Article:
The world’s largest reinsurance firm Munich Re said that its latest catastrophe bond transaction, the $100m Queen Street IX Re Limited, was well received by the insurance-linked securities market.
Munich Re’s latest catastrophe bond transaction completed at the end of February. Queen Street IX Re, the ninth deal to use Queen Street naming from Munich Re and the eighth since 2011, saw the reinsurer looking to expand its retrocessional reinsurance protection for the peak perils U.S. hurricane and Australian cyclone risks.
The transaction provides Munich Re with collateralized retrocession on a per-occurrence basis for just over three years, with maturity scheduled for 8th June 2017. Queen Street IX Re protects Munich Re against losses from qualifying events with a statistical return period of between 65 and 80 years per event. The cat bonds trigger uses county and line-of-business-weighted industry loss data from PCS (Property Claim Services) for U.S. hurricanes, and modelled losses calculated by AIR Worldwide in for Australian cyclones.
Munich Re said that the Queen Street IX Re cat bond was placed globally among a broadly diversified group of international investors. The transaction closed offering investors a coupon of 5.5%, having begun marketing with a range of 6% to 6.5%, representing a drop in price during bookrunning of around 12% (if you take the mid-point of the launch range).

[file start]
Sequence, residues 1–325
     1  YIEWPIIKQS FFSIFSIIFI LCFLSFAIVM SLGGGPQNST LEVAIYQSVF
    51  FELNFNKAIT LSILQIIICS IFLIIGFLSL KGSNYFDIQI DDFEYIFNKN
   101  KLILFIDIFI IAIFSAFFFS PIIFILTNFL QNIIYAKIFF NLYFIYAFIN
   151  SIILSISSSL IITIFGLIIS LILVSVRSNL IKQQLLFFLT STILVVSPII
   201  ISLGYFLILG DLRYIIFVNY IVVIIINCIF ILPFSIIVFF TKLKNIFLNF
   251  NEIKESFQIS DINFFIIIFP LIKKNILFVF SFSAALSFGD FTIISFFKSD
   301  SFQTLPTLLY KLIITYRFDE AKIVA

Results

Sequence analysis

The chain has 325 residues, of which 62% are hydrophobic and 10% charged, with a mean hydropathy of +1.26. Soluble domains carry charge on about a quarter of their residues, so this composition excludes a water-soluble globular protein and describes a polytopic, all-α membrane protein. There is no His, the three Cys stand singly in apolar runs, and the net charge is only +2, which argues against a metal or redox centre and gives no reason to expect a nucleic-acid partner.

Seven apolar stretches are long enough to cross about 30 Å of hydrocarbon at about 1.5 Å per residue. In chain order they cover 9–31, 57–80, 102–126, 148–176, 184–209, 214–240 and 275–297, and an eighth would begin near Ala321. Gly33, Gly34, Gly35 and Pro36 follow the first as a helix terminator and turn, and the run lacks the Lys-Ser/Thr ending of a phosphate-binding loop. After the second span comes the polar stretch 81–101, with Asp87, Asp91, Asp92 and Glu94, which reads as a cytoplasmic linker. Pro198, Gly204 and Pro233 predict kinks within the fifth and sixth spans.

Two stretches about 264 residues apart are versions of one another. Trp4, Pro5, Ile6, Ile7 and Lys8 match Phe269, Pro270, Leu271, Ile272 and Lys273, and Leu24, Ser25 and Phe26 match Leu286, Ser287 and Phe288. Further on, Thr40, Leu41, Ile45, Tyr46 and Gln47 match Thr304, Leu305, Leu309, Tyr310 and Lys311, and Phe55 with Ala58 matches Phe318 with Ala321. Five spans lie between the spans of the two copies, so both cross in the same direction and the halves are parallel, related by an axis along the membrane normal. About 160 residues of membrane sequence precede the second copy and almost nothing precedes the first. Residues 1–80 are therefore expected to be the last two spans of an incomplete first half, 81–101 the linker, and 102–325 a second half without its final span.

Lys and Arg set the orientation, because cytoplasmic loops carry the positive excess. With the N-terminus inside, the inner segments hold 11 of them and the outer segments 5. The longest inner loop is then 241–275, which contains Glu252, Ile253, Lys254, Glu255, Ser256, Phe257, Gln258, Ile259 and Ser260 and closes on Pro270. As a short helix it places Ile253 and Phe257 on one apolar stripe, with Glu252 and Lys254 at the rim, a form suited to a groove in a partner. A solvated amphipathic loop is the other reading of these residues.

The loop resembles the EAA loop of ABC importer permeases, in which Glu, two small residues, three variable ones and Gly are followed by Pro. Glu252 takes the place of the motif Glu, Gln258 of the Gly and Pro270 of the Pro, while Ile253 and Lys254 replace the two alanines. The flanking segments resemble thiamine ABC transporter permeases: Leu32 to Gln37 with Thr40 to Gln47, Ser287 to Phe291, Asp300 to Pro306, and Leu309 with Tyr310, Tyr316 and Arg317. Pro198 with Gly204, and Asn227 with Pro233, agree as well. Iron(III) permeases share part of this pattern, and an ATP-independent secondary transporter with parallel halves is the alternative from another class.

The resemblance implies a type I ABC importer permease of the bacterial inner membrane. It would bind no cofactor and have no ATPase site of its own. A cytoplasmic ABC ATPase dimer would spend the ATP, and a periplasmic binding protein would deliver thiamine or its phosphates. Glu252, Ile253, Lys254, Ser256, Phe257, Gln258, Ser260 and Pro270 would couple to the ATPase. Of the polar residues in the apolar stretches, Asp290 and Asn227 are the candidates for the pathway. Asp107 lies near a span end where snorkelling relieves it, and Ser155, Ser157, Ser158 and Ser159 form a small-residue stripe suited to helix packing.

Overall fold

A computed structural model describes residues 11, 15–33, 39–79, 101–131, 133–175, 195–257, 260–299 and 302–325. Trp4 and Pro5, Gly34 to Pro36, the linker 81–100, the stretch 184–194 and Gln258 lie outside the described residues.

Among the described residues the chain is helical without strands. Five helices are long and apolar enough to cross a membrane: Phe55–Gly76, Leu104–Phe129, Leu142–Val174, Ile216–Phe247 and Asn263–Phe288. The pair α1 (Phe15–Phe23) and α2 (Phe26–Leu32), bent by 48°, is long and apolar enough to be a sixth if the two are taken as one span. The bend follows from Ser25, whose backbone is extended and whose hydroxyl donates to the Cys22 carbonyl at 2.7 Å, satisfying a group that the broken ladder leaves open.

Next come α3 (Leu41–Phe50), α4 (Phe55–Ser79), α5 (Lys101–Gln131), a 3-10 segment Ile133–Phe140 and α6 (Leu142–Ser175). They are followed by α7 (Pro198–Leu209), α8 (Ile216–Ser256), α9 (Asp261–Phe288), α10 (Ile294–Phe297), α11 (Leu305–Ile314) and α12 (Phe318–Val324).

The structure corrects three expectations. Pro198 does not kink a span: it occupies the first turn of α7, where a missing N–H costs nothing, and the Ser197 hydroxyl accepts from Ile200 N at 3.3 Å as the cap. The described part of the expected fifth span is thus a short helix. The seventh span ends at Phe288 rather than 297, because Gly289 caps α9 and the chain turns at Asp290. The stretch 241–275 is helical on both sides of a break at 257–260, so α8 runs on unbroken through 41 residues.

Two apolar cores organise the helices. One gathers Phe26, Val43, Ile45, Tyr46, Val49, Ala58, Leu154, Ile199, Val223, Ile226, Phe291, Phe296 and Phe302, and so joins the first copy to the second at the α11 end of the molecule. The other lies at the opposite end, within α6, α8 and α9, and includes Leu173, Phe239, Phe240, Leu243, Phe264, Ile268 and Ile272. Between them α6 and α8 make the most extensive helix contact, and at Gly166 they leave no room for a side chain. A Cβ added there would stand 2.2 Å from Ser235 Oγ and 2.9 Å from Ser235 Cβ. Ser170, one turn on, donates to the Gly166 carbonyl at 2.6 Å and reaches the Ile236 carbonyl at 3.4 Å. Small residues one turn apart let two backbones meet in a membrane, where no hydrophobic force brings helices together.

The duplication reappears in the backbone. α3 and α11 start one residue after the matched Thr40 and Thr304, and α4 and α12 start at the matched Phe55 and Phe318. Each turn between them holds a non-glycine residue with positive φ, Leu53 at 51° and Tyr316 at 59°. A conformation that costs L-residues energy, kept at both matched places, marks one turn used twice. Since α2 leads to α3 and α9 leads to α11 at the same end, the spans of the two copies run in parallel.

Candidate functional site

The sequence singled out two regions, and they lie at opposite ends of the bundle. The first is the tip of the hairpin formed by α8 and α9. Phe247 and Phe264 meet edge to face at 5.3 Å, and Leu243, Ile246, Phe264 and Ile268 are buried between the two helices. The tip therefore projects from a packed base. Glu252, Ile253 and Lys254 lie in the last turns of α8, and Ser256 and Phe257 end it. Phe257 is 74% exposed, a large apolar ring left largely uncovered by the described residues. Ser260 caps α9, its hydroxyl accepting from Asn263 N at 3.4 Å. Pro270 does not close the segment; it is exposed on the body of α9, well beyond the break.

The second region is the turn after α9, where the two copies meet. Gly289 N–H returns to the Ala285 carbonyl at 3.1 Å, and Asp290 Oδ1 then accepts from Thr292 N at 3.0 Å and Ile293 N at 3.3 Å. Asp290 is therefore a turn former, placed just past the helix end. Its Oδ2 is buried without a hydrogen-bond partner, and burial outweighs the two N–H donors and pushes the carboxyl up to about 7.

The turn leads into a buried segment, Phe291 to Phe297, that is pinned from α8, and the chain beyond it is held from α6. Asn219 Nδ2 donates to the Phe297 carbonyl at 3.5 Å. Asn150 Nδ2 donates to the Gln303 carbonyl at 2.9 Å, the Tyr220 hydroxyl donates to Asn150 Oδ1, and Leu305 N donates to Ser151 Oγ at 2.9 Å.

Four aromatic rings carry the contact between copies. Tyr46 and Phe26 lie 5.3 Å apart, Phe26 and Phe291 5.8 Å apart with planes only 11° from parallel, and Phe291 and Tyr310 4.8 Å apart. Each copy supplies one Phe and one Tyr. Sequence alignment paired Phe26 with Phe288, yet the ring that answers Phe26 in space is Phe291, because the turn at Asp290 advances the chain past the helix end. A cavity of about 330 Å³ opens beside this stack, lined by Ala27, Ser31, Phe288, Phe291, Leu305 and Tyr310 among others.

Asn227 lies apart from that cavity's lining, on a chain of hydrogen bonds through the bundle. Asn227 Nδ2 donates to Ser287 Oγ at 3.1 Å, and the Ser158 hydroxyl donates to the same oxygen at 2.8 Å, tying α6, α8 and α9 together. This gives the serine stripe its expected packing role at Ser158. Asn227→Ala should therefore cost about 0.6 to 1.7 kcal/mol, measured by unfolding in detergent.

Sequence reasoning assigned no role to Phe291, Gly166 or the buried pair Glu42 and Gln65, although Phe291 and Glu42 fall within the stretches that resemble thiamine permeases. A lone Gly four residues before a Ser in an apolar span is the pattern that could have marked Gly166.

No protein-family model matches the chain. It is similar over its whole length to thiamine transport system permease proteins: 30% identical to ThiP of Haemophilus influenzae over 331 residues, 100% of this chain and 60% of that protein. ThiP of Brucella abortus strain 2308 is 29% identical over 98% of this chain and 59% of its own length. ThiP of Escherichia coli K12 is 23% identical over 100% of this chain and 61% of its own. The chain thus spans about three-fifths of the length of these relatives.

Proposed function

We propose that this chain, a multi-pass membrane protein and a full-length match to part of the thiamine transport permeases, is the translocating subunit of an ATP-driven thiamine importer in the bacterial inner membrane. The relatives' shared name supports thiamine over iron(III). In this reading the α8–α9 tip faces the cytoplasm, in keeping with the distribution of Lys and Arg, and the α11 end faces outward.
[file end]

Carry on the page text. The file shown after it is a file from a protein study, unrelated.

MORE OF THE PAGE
What’s interesting to note is that Queen Street IX Re covers the same layer of reinsurance protection as its previous deal, Queen Street VIII Re Limited. Both cat bonds cover the 65 to 80 year statistical return period and have almost identical attachment points and expected loss metrics.
Queen Street VIII Re priced at 6.5% in June 2013, and now Queen Street IX Re has priced a full percentage point lower at 5.5% in February 2014. This shows that in less than a year cat bond investors have lowered their return expectations for an almost identical cat bond layer by 15%, which is aligned with declines seen in property catastrophe reinsurance pricing.
Thomas Blunck, a board member at Munich Re, commented; “With catastrophe bonds we can efficiently cover our single peak exposures like US hurricane and Australian cyclone and thereby improve the diversification of our overall portfolio. For the first time we chose Ireland as the location for a licensed SPRV. The bond has been well received by the market.”
With the value available in the catastrophe bond market at current pricing levels, it would not be surprising to see a flurry of deals launch in the run up to the U.S. hurricane season. It will be tempting, both for primary insurers and reinsurers, to try to lock in multi-year cover at the current low prices in advance of the hurricane season.
If we see an active and insured loss heavy wind season in 2014 these prices may not be seen again at such low levels for a while. So the draw for sponsors to take advantage of the pricing available right now must be strong. The issuance pipeline could be very interesting in weeks to come.